Waiting for the Hammer to Fall

We’re in our final few weeks of living in South Korea.

It’s a funny thing- living while such an impending life event is on the horizon. Just yesterday, we were out in the Itaewon neighborhood of Seoul, having a celebratory dinner and cocktails with our friend Roori at ‘Vatos’ before taking a taxi to Insadong to take in the ‘lantern festival’ which is a spring mainstay in downtown Seoul. We met up with some friends, had a few laughs and got Ava home and in bed just before midnight with her tired whininess just setting in. If we were in Spain, we’d just be getting our evening started.

As we were out last night though, I wondered if this would be the ‘last time’ we’d go here or the ‘last time’ we’d see that. My eyes danced around the facades, the hangul, and the lanterns as my friends tried to maintain a conversation while my attention would involuntarily drift elsewhere with creeping nostalgia leaving them wondering if my Tourettes was acting up or I was merely a poor listener.

At the lantern Festival, Seoul

This afternoon, our friend Jim is going to come by for Ava’s bunk bed which will be our biggest furniture item to ditch before the movers come to box up our lives and store them in a storage container for a year. From this afternoon, we’ll start the 6 week, downward slide of getting rid of clothes, asking if this ‘really brings joy’ and only keep essentials that we can’t bear to part with. Our last day of school is a Friday, and we leave the following Monday with a weekend fire sale in between.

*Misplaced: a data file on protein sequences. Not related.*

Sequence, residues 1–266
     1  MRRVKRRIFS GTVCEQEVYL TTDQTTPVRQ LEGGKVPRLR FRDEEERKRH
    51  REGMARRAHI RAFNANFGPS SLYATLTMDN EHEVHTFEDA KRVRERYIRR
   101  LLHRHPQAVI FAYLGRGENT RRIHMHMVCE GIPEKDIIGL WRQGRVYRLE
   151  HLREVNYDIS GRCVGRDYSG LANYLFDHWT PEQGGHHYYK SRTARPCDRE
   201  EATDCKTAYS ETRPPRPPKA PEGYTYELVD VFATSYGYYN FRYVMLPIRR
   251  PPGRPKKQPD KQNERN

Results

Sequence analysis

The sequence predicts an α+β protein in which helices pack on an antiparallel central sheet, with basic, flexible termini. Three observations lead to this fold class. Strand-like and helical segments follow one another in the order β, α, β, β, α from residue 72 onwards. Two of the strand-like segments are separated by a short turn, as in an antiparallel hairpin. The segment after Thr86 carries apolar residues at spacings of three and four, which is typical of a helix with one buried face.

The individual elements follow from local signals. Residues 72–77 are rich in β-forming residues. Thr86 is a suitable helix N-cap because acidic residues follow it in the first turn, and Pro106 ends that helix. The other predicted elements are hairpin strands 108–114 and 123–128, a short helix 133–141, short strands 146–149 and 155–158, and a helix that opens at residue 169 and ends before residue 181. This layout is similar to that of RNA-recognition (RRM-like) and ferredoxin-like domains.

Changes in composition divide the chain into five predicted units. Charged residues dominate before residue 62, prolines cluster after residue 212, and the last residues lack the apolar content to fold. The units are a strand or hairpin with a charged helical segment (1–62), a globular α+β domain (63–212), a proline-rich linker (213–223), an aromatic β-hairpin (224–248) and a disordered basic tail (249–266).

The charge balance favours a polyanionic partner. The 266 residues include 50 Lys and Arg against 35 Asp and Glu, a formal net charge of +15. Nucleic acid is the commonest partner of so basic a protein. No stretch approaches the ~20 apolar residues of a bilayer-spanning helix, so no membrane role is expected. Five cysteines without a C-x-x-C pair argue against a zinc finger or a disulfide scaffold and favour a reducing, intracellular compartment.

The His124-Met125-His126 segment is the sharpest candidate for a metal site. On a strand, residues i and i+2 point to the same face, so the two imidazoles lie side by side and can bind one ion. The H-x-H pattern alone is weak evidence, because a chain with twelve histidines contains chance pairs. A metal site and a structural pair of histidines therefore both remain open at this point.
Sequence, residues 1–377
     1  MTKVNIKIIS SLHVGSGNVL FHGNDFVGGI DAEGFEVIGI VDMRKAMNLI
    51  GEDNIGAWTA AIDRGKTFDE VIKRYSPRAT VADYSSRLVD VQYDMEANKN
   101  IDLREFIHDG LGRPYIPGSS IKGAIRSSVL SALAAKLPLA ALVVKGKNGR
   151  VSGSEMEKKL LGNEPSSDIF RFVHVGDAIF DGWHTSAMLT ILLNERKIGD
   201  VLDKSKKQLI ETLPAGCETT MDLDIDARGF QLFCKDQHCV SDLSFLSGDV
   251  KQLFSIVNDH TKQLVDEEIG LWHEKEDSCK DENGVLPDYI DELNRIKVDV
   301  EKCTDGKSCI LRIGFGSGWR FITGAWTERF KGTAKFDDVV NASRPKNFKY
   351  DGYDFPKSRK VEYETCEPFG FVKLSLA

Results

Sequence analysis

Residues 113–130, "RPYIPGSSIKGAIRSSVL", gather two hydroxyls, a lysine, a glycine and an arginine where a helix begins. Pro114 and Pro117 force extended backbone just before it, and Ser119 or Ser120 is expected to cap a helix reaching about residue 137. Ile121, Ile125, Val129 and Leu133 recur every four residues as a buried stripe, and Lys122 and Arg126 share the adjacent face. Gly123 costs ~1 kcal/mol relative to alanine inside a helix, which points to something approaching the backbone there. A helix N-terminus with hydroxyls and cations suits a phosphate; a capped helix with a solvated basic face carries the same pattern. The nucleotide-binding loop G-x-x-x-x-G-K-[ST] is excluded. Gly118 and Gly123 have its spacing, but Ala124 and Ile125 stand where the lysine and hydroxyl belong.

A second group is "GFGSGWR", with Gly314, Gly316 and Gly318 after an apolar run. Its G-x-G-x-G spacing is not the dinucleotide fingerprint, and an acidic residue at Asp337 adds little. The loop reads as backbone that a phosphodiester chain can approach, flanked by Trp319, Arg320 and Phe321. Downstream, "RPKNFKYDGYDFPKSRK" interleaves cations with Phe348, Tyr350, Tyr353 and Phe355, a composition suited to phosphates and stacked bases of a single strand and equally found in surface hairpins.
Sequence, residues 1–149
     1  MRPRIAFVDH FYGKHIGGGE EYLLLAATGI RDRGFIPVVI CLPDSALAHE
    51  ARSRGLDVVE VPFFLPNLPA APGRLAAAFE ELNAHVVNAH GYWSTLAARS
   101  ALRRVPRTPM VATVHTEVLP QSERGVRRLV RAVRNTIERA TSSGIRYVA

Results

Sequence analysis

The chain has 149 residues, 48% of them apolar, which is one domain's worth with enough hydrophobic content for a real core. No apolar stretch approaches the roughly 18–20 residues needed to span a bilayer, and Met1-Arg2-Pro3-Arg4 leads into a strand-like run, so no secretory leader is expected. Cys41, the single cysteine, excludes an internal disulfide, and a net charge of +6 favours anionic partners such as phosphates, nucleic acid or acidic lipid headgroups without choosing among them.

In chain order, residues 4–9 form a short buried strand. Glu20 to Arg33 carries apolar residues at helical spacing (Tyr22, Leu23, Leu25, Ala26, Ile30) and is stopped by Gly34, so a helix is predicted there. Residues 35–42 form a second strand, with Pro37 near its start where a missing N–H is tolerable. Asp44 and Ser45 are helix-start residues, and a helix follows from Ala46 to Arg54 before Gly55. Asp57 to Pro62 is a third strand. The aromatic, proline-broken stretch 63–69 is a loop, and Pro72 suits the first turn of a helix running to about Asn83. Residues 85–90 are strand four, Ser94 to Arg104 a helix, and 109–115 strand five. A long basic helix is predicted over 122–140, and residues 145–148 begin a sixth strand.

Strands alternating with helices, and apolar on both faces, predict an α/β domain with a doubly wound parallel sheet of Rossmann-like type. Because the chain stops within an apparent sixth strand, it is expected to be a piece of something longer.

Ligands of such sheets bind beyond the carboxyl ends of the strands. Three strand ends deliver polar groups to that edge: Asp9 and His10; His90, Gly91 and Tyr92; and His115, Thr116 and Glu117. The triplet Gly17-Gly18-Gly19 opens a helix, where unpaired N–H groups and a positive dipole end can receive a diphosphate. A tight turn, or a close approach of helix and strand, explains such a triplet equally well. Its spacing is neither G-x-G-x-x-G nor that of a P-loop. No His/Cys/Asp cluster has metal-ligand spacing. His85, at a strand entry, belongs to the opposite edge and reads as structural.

The school year is drawing down too. Spring MAP tests are behind us, coaching and after school clubs are drying up, and seniors stress about their upcoming finals and wonder if they’ll have any negative impact on their college acceptance if they were to blow off and bomb their exams. Our staff are having conversations for next year around standards based grading and although we’re being kept in the loop as a professional courtesy, I wonder how much our voice matters compared to primary stakeholders and those who will be stepping up to continue traditions, invite new policies and make their mark.

Coincidentally, there has been a flurry of social media posts in my feed from co-workers around the world who are also about to set out on their new adventures and are feeling nostalgic themselves about the past with an uncertain future ahead. Of all the schools we’ve worked in, we came to love the community of people there, who were each others ‘rock’ of stability in the sea of international teaching and living.

One never realizes how good they had it and how good life was until those moments are no more. Isn’t that always the case in life?

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